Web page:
https://www.ncbi.nlm.nih.gov/pmc/articles/PMC5074457/

[8] Chesney, E., Goodwin, G.M. & Fazel, S., “Risk of All-Cause and Suicide Mortality in Mental Disorders: A Meta-Review,” World Psychiatry 13(2):153-60 (2014). doi: 10.1002/wps.20128. https://www.ncbi.nlm.nih.gov/pubmed/24890068

[9] See also, Petterson, S., et al., "Why there must be Room for Mental Health in the Medical Home," American Family Physician 77(6): 757 (2008), https://www.ncbi.nlm.nih.gov/pubmed/18853532 .

[10] SAMHSA website, “Health Care and Health Systems Integration,” https://www.samhsa.gov/health-care-health-systems-integration

[13] Balasubramanian, B. A., et al., op. cit. (2017), https://www.ncbi.nlm.nih.gov/pubmed/28379819

[16] The definition is fully detailed, id. at 3-4. These are the salient elements (emphasis supplied).

[17] Kathol, R. G., Butler, M., McAlpine, D. D., & Kane, R. L., “Barriers to Physical and Mental Condition Integrated Service Delivery,” Psychosom Med, 72(6):511-518 (2010). doi:10.1097/PSY.0b013e3181e2c4a0, https://www.ncbi.nlm.nih.gov/pubmed/20498293

[18] Miller, B. F., Teevan, B., Phillips, R. L., Petterson, S. M., & Bazemore, A. W., “The Importance of Time in Treating Mental Health in Primary Care,” Families, Systems & Health : the Journal of Collaborative Family Healthcare, 29(2):144-145 (2011). doi:10.1037/a0023993, https://www.ncbi.nlm.nih.gov/pubmed/21688905 .

[19] Phillips, R. L., Jr., et al. "Better Integration of Mental Health Care Improves Depression Screening and Treatment in Primary Care." Am Fam Physician 84(9): 980 (2011); American Psychiatric Association news release (February 15, 2017), http://www.psychiatry.org/newsroom/news-releases/depression-screening-rates-in-primary-care-remain-low

[20] Gallo, J.J. & Coyne, J.C., “The Challenge of Depression in Late Life: Bridging Science and Service in Primary Care,” JAMA 284(12):1570-1572 (2000), http://jamanetwork.com/journals/jama/article-abstract/193106 ; Williams, J.W. Jr., “Competing Demands: Does Care for Depression Fit in Primary Care?” J Gen Intern Med 13(2):137-139 (1998), https://www.ncbi.nlm.nih.gov/pmc/articles/PMC1496916/ . More recent research confirms these findings. See, e.g., Petterson, S., et al., "Mental Health Treatment in the Primary Care Setting: Patterns and Pathways." Families, Systems, & Health 32(2): 157-166 (2014), https://www.ncbi.nlm.nih.gov/pubmed/24773273 .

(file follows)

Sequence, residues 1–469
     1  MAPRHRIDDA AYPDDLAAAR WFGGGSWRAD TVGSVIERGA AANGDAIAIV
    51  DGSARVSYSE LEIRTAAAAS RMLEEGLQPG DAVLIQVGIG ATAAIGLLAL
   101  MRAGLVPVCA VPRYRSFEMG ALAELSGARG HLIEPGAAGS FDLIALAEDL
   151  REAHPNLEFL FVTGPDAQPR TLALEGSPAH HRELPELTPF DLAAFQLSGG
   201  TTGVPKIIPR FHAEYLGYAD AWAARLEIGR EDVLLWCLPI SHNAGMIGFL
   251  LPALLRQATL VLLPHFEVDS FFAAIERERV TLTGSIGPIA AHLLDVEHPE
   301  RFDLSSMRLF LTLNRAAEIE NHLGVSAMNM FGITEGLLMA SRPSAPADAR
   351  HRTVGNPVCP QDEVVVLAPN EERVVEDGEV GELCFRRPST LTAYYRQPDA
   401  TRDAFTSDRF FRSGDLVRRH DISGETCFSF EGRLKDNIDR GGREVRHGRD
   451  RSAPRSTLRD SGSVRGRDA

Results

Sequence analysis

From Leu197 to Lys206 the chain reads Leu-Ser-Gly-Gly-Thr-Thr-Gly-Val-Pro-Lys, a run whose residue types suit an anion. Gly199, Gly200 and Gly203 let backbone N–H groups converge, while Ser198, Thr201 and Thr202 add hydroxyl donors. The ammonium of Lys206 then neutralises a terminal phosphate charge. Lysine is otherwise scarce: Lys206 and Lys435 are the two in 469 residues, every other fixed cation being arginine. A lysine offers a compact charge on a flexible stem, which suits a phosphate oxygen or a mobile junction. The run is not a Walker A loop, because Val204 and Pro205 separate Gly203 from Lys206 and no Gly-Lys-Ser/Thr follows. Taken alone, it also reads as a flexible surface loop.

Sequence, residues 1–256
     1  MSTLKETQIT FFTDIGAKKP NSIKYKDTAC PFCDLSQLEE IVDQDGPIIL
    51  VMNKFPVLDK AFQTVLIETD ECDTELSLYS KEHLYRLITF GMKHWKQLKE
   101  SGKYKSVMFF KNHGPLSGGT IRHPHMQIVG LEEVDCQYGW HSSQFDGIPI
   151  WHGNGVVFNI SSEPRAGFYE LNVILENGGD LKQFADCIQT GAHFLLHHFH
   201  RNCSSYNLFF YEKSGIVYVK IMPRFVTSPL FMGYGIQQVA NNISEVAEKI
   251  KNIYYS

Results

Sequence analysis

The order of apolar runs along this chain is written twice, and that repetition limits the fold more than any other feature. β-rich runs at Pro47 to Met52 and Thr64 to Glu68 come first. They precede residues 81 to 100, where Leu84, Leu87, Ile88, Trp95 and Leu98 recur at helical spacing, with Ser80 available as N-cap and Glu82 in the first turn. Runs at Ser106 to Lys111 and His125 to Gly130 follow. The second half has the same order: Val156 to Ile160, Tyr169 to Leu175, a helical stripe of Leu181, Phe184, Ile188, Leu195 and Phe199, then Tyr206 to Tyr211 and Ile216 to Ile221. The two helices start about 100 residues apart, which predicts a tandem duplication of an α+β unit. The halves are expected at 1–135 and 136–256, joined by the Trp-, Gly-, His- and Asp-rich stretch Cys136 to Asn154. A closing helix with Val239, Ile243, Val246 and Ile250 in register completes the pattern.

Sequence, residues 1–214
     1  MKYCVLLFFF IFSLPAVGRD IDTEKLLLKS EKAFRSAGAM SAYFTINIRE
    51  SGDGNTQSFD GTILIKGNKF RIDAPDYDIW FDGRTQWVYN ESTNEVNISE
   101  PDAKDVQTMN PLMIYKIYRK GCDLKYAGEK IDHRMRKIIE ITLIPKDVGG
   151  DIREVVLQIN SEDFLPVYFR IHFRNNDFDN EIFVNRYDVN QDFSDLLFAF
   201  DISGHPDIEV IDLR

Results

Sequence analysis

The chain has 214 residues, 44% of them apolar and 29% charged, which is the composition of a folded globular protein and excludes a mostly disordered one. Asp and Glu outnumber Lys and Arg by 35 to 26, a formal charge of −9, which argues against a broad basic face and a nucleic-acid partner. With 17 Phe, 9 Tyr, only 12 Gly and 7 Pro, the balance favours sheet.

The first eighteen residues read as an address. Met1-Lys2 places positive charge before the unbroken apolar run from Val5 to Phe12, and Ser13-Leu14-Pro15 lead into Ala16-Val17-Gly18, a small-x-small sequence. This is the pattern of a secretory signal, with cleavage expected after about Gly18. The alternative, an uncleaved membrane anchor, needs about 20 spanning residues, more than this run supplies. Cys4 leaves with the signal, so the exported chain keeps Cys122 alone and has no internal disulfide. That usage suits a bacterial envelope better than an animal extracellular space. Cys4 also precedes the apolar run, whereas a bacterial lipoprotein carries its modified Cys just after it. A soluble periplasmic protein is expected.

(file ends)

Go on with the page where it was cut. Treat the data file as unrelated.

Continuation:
[21] AAFP Position Paper: “Mental Health Care Services by Family Physicians,” undated and unnumbered, retrieved March 13, 2017. http://www.aafp.org/about/policies/all/mental-services.html

[22] Kim, J.Y., Higgins, T.C., Esposito, D. & Hamblin, A., “Integrating Health Care for High-Need Medicaid Beneficiaries with Serious Mental Illness and Chronic Physical Health Conditions at Managed Care, Provider, and Consumer Levels,” Psychiatr Rehabil J. 2017 Feb 9 (2017). https://www.ncbi.nlm.nih.gov/pubmed/28182472  doi: 10.1037/prj0000231. [Epub ahead of print]

[23] Asarnow, J.R., Kolko, D.J., Miranda,J. & Kazak, A.E., “The Pediatric Patient-Centered Medical Home: Innovative Models for Improving Behavioral Health, American Psychologist 72(1): 13–27 (2017), https://www.apa.org/pubs/journals/releases/amp-a0040411.pdf

[25] Davis, M.J., Moore, K.M., Meyers, K., Mathews, J. & Zerth, E.O., Engagement in Mental Health Treatment Following Primary Care Mental Health Integration Contact, Psychol Serv. 13(4):333-340 (2016). Epub 2016 May 30, https://www.ncbi.nlm.nih.gov/pubmed/27243110 .

[26] AHRQ Evidence Report/Technology Assessment No. 173 (2008), https://www.ncbi.nlm.nih.gov/books/NBK38632/